You'll need to maintain a supply link between the nodes you control as they're all part of a grid displayed on the tactical map. If the enemy manages to cut one off, you'll lose all the associated resources and benefits.
This element was key to solving another problem which Creative Assembly foresaw. In most RTS games, there comes a point when your victory is a certainty and the enemy is on the run. Or, more annoyingly, vice-versa. It's at this point that the tension often flows out of the conflict. Once most commanders are beaten, they'll either fall back for a last stand, or - in CA's words - "hide a unit in a wood" to frustrate the victor.
The supply line rule means that a strike force can sneak behind enemy lines and assault the root of the supply network. Cutting the artery of resources helps to re-establish parity, and staging areas can be gained in the process. It's a simple premise, and will require only a basic strategic plan to overcome, but offers a last gasp to otherwise conquered generals.
Creative Assembly is also attempting to cater for the stroppy. There's nothing much more annoying than settling down for a large multiplayer game (Stormrise's will accommodate up to eight players) only for someone to drop out halfway, ending the game for everyone. The addition of drop-in, drop-out multiplayer means that when someone tries to take their ball home, or has to leave for an entirely justifiable reason, like Bargain Hunt, all that player's resources are redistributed amongst the other participants, and the game continues.
It makes sense for a game which has a multiplayer focus, and that certainly applies to Stormrise. During the presentation, the single-player campaign is described as "an extended tutorial" designed to familiarise players with the units and control system. A few maps will be available for multiplayer, but there will be a large number of multiplayer exclusives too.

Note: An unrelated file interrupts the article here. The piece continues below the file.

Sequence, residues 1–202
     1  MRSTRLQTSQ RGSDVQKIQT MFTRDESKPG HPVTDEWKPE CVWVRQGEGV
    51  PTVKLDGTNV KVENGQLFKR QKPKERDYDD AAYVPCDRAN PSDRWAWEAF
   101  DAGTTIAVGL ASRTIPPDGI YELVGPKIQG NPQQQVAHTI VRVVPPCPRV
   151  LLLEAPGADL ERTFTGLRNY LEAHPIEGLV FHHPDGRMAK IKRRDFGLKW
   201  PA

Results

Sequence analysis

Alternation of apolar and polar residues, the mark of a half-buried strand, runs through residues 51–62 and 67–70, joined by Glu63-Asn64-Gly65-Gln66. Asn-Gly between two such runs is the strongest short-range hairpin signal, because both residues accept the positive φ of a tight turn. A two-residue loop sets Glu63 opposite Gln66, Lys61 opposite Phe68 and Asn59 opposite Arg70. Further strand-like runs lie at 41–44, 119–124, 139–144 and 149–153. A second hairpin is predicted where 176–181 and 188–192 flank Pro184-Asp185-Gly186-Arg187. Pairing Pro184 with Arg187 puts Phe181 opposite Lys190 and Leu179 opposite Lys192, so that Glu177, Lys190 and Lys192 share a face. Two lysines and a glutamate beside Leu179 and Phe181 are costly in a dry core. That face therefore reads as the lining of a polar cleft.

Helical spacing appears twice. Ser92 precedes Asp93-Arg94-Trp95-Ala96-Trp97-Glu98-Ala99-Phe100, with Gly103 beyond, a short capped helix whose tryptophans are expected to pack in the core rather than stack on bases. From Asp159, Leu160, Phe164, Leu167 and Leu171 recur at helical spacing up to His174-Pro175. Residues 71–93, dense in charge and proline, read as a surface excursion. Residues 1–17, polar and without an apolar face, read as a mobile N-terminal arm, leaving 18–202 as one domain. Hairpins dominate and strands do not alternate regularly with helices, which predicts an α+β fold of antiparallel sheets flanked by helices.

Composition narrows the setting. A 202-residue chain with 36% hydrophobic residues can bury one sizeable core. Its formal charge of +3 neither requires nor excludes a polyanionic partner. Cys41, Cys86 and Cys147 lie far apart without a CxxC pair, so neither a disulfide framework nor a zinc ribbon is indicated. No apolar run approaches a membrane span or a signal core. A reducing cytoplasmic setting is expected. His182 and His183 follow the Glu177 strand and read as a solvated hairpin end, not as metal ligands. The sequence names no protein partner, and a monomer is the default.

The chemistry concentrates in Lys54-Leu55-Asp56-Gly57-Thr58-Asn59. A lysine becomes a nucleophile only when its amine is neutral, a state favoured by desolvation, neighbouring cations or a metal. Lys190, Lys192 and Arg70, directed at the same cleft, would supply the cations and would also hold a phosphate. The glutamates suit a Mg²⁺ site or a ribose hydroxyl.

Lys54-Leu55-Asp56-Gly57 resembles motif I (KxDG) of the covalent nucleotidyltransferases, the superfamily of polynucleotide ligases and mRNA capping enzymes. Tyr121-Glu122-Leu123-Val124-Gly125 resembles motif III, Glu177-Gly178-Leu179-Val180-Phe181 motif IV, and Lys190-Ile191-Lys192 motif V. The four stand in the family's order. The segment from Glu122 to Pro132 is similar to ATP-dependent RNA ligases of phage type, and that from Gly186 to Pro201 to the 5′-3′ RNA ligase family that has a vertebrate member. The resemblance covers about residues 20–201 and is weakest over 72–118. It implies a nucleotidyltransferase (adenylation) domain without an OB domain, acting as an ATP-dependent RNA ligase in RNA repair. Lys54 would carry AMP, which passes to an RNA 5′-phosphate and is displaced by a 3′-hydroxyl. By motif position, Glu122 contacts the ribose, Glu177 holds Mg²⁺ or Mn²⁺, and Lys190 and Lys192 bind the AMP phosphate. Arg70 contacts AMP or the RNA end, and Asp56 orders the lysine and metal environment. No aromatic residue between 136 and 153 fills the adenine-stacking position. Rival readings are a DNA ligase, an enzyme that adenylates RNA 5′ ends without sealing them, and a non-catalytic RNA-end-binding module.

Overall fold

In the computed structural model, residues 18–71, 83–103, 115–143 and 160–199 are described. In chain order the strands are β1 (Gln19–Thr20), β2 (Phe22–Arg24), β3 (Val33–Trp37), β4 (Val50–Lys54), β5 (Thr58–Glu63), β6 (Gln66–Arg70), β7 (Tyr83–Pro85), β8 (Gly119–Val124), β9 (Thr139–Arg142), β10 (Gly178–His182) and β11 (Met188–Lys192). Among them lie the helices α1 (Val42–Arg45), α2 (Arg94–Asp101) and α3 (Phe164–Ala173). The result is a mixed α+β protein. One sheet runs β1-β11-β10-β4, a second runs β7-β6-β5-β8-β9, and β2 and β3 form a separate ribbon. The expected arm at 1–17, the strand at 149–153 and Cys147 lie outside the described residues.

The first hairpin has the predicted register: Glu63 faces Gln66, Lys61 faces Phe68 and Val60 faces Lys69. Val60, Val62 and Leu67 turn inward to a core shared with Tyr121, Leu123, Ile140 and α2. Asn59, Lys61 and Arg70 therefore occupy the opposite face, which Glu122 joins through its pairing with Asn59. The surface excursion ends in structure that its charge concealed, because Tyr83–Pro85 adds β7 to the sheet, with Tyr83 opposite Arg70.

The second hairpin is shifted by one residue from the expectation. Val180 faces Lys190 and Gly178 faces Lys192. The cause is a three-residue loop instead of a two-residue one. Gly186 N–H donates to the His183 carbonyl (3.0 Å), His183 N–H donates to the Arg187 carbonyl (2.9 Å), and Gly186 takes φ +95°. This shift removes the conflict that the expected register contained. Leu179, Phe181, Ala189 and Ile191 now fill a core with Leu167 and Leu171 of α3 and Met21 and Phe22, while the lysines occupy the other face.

Ah yes, the maps. If there's one thing that gets Bhopti more excited than Whip Select, it's the maps - or more specifically, something they're calling "verticality". All of Stormrise's maps are fully 3D environments. That doesn't mean just 3D models or the ability to use aircraft. These are full-on 3D environments, much like the deathmatch arenas you find in first-person shooters. There are building interiors, underground passages, bridges, subways, ruins, vantage points... And because of the way the camera and unit selection works, this has a huge tactical impact.
There's no fog of war in Stormrise, everything is done on line of sight. If you can flick to a unit and look at an area, you'll see any and all enemy forces gathered there. Take an aerial unit for a quick recce and much of the level will be revealed to you very quickly, as will enemy positions. However, if those forces are behind buildings, under flyovers or exploring one of the game's many large underground areas, you simply won't see them.
Should your air unit fly over a building full of troops, they'll stay hidden. That vulnerable group of soldiers out in the open might be protected by battalions of hidden troops, just waiting for the ambush. There will be no shortage of places to hide, either, with some levels as big below ground as they are above. Popping up behind enemy lines as you emerge from a storm drain or underground car-park which your foe has failed to notice should be immensely satisfying. The potential for sniper nests, ambushes and sneak attacks is huge.
Pathfinding for the environments seems solid. The addition of "indirect orders", where a unit in visual contact can be directed with a 'click and drag' of the X button, allows for relatively easy manoeuvring and the creation of cross-fires. It does have limitations, however. Moving a unit around a building is tricky; you can't see around the corner so it has to done in stages, peeking around each bend.
If you leave an area with no nodes or troops, the process must be repeated when you want to return. Learning to recognise all of the relatively small icons players will be flicking through via the Whip system looked tricky, too. Distinguishing between different half-centimetre high white shapes in the heat of battle might just kill some of the immediacy the system is intended to impart.
A great deal rests on that control system, as is always the case with console RTS games. If it's not good enough, the other clever ideas in Stormrise could amount to nothing. But for now, let's just applaud the innovation that's on display here and hope the execution matches the vision.
Stormrise is scheduled for release on PC, PS3 and Xbox 360 at the end of March.